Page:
Sunday, March 30, 2014 — “However, if you continue to mix the layers, you get a uniform batter with less purity, which decreases solar cell performance as the charges recombine and are lost due to too much mixing.
“What we find is that in real devices the structure is similar to making swirls with different sized forks using a combination of big or small motions. This creates two length scales that can have different degrees of batter uniformity, leading to complex tradeoffs between size, purity and performance. Our task now is to understand these tradeoffs and find out how to engineer solar cells that take advantage of them.”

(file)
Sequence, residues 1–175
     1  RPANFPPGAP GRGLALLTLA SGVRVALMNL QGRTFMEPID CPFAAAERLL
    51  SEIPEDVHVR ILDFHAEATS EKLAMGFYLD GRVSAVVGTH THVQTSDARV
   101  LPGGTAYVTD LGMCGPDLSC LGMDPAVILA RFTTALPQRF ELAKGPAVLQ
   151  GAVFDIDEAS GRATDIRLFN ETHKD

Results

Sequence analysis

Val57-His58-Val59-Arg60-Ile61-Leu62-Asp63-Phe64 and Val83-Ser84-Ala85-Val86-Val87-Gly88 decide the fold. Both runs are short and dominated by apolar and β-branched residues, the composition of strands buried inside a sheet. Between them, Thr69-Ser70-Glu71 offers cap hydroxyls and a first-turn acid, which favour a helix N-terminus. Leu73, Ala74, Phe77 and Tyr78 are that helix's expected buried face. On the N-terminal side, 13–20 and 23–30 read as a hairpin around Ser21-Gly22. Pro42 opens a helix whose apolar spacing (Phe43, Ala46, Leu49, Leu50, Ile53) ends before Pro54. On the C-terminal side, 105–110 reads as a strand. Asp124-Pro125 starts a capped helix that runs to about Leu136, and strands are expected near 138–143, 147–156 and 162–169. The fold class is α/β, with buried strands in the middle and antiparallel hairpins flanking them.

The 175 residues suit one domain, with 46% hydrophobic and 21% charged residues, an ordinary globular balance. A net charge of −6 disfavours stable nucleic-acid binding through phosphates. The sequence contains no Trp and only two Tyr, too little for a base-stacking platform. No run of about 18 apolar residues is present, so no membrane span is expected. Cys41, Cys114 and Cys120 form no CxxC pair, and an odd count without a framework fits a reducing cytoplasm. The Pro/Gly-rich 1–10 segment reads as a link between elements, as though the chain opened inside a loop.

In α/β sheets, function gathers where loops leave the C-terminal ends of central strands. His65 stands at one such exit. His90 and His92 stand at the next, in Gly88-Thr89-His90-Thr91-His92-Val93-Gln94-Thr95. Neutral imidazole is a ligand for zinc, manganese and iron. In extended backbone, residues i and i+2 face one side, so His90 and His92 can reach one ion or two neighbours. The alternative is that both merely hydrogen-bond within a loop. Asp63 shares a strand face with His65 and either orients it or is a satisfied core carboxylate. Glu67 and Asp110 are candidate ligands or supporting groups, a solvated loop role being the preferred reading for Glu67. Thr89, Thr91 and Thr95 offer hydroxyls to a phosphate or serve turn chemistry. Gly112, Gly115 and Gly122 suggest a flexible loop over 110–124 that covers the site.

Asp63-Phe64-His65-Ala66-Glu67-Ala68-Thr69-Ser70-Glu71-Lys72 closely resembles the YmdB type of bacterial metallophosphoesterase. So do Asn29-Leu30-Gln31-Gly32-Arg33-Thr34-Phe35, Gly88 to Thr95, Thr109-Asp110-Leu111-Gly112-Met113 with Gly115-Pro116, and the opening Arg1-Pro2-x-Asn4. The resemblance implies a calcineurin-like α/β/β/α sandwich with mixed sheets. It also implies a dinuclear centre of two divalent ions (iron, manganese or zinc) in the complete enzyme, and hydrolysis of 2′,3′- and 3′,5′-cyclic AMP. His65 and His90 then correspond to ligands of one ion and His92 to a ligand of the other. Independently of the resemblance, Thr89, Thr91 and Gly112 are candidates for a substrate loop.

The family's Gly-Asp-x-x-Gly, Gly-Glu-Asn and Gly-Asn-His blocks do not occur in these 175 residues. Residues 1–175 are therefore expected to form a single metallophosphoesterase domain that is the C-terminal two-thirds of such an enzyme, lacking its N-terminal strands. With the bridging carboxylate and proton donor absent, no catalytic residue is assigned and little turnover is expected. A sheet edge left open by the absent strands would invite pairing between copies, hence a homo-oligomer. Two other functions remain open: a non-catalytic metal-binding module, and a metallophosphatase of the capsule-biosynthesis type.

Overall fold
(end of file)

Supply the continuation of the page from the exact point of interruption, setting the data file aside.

The paper, titled “Quantification of Nano- and Mesoscale Phase Separation and Relation to Donor and Acceptor Quantum Efficiency, Jsc, and FF in Polymer:Fullerene Solar Cells,” appears in Advanced Materials (DOI: 10.1002/adma.201400216). The research was funded by the U.S. Department of Energy, Office of Science, Basic Energy Science and the Chinese Ministry of Science and Technology.